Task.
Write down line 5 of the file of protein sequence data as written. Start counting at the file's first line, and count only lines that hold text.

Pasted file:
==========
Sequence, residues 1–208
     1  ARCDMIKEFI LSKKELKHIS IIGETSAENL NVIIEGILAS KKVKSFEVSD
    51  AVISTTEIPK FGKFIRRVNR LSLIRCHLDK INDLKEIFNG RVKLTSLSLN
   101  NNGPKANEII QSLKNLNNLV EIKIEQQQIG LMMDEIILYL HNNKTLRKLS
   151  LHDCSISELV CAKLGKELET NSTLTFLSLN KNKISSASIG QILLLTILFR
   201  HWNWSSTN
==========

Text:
   151  LHDCSISELV CAKLGKELET NSTLTFLSLN KNKISSASIG QILLLTILFR